Tooth Restoration – What Are the Different Types of Tooth Restoration Procedures?

Tooth restoration is a dental procedure to restore the morphology and function of damaged teeth. It aims at saving as much original tooth tissue as possible.


Tooth restorations include direct and indirect methods. They also include different materials and restoration preferences. The best choice depends on the severity level of tooth damage.


Crowns are a versatile treatment option, used to address many tooth-related concerns. They can strengthen damaged teeth, improve a bite’s function and appearance, as well as protect teeth against further damage from oral trauma.

A dental crown can be made from a number of different materials and are designed to fit the structure of your tooth. They may be used to repair severe decay, tooth root infections or for cosmetic purposes (restorative dentistry).

Gold and metal alloys are a common choice for dental crowns due to their durability and longevity. However, these crowns do not offer the natural aesthetic qualities that porcelain does and are best suited for molars and other back teeth that are exposed to heavy biting forces.

Composite resin crowns, on the other hand, are made from a combination of plastic type materials that are colour matched to the natural teeth. They are also the least expensive of all types of crowns and are most commonly used for front teeth restorations.

Before cementation, the core of your tooth will be rebuilt using a matrix material to ensure that the crown is as close as possible to the structure of the original tooth and to minimise any potential future problems such as food impaction or discomfort. A sectional matrix is generally preferred over a circumferential one as it favours the formation of contact points with adjacent natural teeth and can help to reduce patient complaints of food sticking to their crown.


Fillings are used to fill in the tooth holes caused by dental decay. Tooth decay is caused by harmful bacteria that produce acids that attack the tooth enamel, eventually breaking it down into a cavity. Depending on how severe the decay is, the dentist may need to take additional steps like removing some of the tooth’s structure and replacing it with a crown.

Fillings are quick and simple, and most patients don’t feel any discomfort during the procedure. The dentist will first remove the tooth decay and clean the area before filling it. Several types of filling materials are available, including silver amalgam and composite resin. Composite resin is a newer, metal-free alternative to amalgam fillings and is often preferred for its aesthetic qualities. It also doesn’t expand and contract as metal does, so it can restore teeth more effectively without damaging them.

Indirect fillings (also known as inlays and onlays) are used to repair large cavities or damaged areas that cannot be adequately restored with a direct filling. They are fabricated outside the mouth, usually in a dental laboratory, and bonded or cemented to the tooth. Inlays and onlays offer durability, better aesthetics, and a more precise fit than a direct filling.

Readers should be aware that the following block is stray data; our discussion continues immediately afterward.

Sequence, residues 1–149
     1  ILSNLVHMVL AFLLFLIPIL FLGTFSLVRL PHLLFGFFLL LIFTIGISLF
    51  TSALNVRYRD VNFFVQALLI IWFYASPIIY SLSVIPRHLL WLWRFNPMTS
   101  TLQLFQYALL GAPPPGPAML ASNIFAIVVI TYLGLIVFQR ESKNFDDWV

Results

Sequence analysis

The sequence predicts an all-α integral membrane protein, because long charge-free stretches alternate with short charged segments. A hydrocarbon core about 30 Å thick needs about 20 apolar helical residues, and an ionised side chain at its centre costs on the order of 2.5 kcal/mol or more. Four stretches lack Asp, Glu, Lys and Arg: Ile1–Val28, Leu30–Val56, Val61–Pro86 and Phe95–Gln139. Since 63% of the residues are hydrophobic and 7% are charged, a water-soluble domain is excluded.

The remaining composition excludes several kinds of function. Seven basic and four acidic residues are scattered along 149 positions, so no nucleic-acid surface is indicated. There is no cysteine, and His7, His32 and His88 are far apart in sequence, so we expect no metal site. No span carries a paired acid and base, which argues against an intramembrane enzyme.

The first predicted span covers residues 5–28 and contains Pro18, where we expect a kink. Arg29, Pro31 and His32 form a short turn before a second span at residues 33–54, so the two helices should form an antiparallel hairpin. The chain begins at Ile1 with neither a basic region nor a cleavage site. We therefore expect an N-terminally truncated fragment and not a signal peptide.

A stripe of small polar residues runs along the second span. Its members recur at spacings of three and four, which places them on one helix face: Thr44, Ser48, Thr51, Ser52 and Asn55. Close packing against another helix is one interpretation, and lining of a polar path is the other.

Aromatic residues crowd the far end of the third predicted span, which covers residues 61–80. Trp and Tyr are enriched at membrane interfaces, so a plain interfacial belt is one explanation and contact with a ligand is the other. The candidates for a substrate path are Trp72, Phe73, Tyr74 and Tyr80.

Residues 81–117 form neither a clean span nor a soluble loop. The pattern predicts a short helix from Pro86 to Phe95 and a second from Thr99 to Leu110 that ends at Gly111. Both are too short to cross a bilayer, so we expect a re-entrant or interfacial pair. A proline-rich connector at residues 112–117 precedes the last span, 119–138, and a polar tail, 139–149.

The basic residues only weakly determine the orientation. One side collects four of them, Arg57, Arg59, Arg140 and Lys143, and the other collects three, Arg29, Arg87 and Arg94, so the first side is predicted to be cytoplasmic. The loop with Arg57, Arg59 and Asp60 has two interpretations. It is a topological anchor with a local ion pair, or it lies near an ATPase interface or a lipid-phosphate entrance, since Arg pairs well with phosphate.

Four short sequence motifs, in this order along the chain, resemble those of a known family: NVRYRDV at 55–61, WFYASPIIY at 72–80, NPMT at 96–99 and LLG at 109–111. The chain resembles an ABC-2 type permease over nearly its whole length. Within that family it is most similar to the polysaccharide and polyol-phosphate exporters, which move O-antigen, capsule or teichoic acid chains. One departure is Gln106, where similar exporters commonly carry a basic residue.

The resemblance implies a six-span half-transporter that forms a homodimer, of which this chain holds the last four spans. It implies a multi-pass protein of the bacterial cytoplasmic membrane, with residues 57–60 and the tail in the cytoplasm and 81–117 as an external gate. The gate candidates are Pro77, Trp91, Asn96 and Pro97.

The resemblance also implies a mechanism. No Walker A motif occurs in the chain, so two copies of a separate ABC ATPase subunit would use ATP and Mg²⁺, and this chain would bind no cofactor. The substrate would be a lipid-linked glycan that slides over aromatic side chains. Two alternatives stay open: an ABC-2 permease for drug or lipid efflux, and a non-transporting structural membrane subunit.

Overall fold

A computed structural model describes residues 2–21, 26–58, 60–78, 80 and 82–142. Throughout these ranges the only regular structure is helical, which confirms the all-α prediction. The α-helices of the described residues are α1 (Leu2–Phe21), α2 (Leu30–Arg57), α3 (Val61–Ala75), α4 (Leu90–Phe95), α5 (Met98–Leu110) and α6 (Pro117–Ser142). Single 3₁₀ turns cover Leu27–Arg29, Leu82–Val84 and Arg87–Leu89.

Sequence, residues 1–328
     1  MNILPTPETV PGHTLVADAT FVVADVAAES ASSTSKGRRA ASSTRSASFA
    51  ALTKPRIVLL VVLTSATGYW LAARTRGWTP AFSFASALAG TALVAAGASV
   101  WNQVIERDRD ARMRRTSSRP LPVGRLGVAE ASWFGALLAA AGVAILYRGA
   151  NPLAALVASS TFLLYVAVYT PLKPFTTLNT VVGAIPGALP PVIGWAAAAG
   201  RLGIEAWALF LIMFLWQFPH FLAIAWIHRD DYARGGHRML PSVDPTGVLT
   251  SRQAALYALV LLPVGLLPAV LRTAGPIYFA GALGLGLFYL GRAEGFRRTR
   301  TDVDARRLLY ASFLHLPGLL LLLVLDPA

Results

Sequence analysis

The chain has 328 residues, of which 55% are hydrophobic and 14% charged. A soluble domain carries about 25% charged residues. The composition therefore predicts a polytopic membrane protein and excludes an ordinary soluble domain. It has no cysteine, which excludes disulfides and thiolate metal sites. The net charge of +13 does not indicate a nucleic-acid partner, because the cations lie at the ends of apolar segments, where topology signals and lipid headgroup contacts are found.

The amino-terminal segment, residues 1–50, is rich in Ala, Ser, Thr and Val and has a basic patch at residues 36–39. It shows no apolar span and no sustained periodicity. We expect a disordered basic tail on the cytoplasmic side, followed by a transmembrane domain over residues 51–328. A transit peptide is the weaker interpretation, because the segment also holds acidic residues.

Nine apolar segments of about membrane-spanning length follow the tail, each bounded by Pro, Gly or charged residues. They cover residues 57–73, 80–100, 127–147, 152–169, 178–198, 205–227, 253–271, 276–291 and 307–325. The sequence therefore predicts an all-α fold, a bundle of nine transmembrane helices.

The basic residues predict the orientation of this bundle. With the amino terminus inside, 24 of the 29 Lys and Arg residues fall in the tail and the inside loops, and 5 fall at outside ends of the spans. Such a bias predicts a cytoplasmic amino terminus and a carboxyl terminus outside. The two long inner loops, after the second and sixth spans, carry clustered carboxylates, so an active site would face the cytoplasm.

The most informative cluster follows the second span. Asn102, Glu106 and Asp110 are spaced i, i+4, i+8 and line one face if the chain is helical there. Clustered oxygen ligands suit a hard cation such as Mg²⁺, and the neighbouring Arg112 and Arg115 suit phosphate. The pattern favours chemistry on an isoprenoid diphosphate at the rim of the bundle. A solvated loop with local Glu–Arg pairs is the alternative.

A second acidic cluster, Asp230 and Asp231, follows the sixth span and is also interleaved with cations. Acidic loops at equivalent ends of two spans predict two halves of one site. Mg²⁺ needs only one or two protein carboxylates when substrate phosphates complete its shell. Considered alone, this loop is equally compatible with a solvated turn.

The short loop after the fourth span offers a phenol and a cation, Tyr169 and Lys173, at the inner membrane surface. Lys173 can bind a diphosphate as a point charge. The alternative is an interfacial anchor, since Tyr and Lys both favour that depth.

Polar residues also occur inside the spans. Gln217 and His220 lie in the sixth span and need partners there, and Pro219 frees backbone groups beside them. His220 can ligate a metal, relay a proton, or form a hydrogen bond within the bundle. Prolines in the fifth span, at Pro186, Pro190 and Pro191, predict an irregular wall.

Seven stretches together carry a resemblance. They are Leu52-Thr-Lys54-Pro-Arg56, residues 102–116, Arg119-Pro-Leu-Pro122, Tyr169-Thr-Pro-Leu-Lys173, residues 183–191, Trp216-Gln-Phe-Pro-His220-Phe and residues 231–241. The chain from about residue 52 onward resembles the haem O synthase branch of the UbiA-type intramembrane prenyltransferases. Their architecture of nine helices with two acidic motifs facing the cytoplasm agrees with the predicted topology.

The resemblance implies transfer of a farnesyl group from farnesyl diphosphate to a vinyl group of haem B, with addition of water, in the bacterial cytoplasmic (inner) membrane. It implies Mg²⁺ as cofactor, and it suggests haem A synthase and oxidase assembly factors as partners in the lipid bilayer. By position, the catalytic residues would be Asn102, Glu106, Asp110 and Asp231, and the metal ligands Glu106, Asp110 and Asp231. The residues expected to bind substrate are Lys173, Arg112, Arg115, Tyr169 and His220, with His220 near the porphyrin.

Indirect fillings can last up to 15 years, if they are properly cared for. This includes brushing and flossing, regular checkups and cleanings, and fluoride treatment.


Bridges replace one or more missing teeth and help restore chewing and speaking functions. They also prevent neighbouring teeth from shifting into the gap, which can cause problems with bite and alignment. They are typically made from porcelain, and your dentist will colour and shape them to look like natural teeth.

The Procedure for a Dental Bridge

Dental bridges are a fairly quick and easy tooth restoration option. They are typically placed in two visits, with the first visit consisting of preparing the abutment teeth for the bridge by filing them down. The dentist will then take an impression of the area, which will be used to create a permanent crown that will sit over the affected abutment teeth. A temporary bridge will be used in the meantime. At the second visit, the dentist will insert the final bridge and cement it in place.

Maintaining proper oral hygiene is essential to ensuring that your bridge lasts as long as possible. Be sure to brush twice a day and floss between your teeth to remove plaque and prevent gum disease and tooth decay that can affect the underlying healthy abutment teeth. You should also visit the dentist for regular hygienist appointments and cleanings.


Dental implants are a revolutionary new way to replace missing teeth. They provide a permanent replacement for lost tooth roots, promoting bone health, preventing jaw loss and supporting existing teeth. They also allow the wearer to eat comfortably and smile with confidence.

The implant consists of three parts: the post (similar to a screw), the abutment and the crown. The dentist places the post in the space where the missing tooth root was, after which strong bone growth occurs around it. This process is called osseointegration, and it may take up to several months before the implant is ready for further procedures.

During this time, it’s important that patients follow the doctor’s instructions and brush and floss their teeth as before, to avoid infection and encourage proper healing. It is also important to let the doctor know of any recurring issues such as pain, swelling or difficulty chewing.

Before receiving an implant, the patient must meet with a specialist who is trained in dental implant treatment, such as an oral surgeon, a dentist who specializes in treating the structures that support the teeth and gums (periodontist) or a dentist who designs and fits artificial teeth (prosthodontist). This meeting will involve a thorough exam of the mouth, including dental X-rays and models, to assess bone density and quantity. It will also determine whether any underlying oral health problems need to be addressed before proceeding.